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Russia's Lyudmila Alekseyeva Remembered As A 'Force Of Nature' And 'Giant' Of Human Rights


Lyudmilla Alekseyeva reacts after winning the third Vaclav Havel Human Rights Prize at the Council of Europe in Strasbourg on September 28, 2015.

Human rights defenders and diplomats are praising Lyudmila Alekseyeva and her lifetime commitment to the struggle for justice in the Soviet Union and Russia as an inspirational example.

Alekseyeva, a veteran defender of human rights who challenged the Soviet government and President Vladimir Putin's Kremlin, died in a Moscow hospital on December 9, Russia's presidential council of human rights said. She was 91.

No cause of death was given, but the council said she had been treated several times for unspecified ailments.

"This is a huge loss for the entire human rights movement in Russia," according to the council's head, Mikhail Fedotov.

“For many, she was and will remain the soul of the human rights movement, an example we should try to be worthy of," said the Moscow Helsinki Group

Alekseyeva became a human rights advocate in the 1960s in the Soviet Union, went into exile, and returned to continue her work in Russia following the collapse of the U.S.S.R.

She co-founded the human rights organization Moscow Helsinki Group in 1976. Within a year, its members were arrested or forced into exile.

Alekseyeva fled to the United States with her family in 1977, where she continued advocating for human rights and took up freelance work for RFE/RL and Voice of America, until her return to Russia in 1993.

There, she returned to being a leading figure of the human rights movement, denouncing rights abuses under former President Boris Yeltsin.

Most recently, her target had been the soft authoritarian regime introduced by Putin and his ruling party, United Russia.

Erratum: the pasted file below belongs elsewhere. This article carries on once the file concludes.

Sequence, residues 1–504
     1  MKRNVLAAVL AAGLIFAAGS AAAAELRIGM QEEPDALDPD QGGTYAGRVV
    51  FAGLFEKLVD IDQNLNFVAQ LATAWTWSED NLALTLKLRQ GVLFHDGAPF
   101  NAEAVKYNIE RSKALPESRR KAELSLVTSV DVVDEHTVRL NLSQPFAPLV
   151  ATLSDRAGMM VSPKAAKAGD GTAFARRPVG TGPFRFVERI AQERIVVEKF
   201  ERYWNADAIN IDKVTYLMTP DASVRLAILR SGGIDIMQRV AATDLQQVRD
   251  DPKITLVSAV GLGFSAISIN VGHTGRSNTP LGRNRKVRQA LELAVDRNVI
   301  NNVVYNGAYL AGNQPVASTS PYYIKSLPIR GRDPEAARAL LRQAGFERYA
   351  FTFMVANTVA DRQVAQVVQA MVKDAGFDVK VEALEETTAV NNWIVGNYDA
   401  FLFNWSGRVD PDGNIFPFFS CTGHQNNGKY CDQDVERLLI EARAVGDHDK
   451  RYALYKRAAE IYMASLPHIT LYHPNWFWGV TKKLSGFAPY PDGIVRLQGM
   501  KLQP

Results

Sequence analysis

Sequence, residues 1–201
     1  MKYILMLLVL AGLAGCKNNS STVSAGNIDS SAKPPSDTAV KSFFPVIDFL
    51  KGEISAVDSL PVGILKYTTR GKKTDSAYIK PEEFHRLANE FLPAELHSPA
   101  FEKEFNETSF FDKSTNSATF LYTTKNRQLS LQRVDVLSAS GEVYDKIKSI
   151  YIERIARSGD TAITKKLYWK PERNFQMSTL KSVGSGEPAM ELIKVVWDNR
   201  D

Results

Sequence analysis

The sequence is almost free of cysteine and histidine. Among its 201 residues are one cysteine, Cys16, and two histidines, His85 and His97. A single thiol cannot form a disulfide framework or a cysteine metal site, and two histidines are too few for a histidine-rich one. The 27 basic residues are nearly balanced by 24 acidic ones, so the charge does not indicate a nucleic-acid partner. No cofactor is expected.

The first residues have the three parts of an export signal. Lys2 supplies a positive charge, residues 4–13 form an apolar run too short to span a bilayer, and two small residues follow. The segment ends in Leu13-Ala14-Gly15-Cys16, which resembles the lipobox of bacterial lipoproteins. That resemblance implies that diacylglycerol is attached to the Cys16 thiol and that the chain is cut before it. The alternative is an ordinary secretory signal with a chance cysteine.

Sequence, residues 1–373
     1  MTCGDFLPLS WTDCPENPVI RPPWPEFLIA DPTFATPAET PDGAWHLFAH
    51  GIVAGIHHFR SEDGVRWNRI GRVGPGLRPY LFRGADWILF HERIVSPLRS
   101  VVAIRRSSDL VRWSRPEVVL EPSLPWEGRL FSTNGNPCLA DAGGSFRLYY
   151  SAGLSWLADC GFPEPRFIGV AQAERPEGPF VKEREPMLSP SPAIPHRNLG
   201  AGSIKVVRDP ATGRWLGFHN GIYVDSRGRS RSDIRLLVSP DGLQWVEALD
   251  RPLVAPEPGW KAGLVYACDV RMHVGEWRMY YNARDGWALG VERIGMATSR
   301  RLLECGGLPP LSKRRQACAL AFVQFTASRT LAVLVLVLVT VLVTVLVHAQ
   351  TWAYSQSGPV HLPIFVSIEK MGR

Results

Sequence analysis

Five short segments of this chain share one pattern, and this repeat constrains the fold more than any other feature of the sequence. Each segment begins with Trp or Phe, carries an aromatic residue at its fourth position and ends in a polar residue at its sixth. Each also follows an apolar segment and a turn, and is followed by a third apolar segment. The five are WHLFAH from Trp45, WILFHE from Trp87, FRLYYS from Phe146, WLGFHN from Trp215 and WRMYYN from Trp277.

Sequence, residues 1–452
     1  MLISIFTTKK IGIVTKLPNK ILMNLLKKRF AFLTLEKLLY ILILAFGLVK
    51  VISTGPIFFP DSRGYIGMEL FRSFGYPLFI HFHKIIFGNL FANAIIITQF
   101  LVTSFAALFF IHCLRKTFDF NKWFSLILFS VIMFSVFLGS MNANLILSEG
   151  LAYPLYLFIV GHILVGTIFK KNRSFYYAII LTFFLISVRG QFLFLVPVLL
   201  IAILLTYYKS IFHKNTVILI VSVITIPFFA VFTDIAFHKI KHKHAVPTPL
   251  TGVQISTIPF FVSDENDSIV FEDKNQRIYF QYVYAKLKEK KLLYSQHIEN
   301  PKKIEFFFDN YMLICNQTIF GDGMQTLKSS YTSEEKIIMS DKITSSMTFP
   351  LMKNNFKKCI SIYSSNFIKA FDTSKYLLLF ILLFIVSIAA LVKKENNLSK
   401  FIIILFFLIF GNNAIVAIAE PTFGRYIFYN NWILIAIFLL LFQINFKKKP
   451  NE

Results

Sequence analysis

Kenneth Roth‏, executive director at the New York-based Human Rights Watch, tweeted that with Alexeyeva’s death, “We have lost a giant among human rights defenders -- a courageous, principled defender of the rights of all Russians from the dark Soviet days to the increasingly dark Putin days.”

The Parliamentary Assembly of the Organization for Security and Cooperation in Europe (OSCE) praised Alekseyeva as an inspirational figure for human rights advocates worldwide.

“Alekseyeva spent her life fighting for principled and respectful treatment for all people and I hope her legacy will serve as a reminder to all that we need to continue this work,” it said in a statement on December 9.

Bill Browder, a U.S.-born Briton who was once the biggest foreign investor in Russia and has now become a campaigner against Russian human rights abuses, called Alekseyeva “the bravest human rights activist in Russia and the person who most effectively took on Putin and his cronies over the murder of Sergei Magnitsky.”

When Magnitsky, an anticorruption lawyer, died in pretrial detention in 2009, she actively lobbied for an investigation into his death.

The U.S. Embassy in Moscow said Alekseyeva’s “courageous work on behalf of victims of injustice and repression serves as a model for us all.”

The president of the Parliamentary Assembly of the Council of Europe (PACE), Liliane Maury Pasquier, also paid tribute to Alekseyeva, a winner of PACE’s 2015 Vaclav Havel Human Rights Prize, which honors outstanding civil society action in defense of human rights.

"Her commitment to the struggle for justice had guided her throughout her life, despite threats and persecution,” Pasquier said in a statement, adding that the activist’s “lifelong commitment will be remembered.”

The Council of Europe’s commissioner for human rights, Dunja Mijatovic, described Alekseyeva as “a real force of nature” and said her work as a human rights defender in Russia “will remain an inspiration to many.”

Council of Europe Secretary-General Thorbjorn Jagland called Alekseyeva “my friend and World Matriarch of Human Rights Defenders,” adding that she will be “missed sorely by all of us.”

Kremlin spokesman Dmitry Peskov said Putin valued Alekseyeva's contribution to the development of civil society in Russia and respected her positions on many issues.

Russian Prime Minister Dmitry Medvedev praised her “courage, dedication, and unfailing firmness” in defending her views, writing on Facebook that her death was “a great loss" for the human rights movement in Russia.

With reporting by the BBC, TASS, and Interfax
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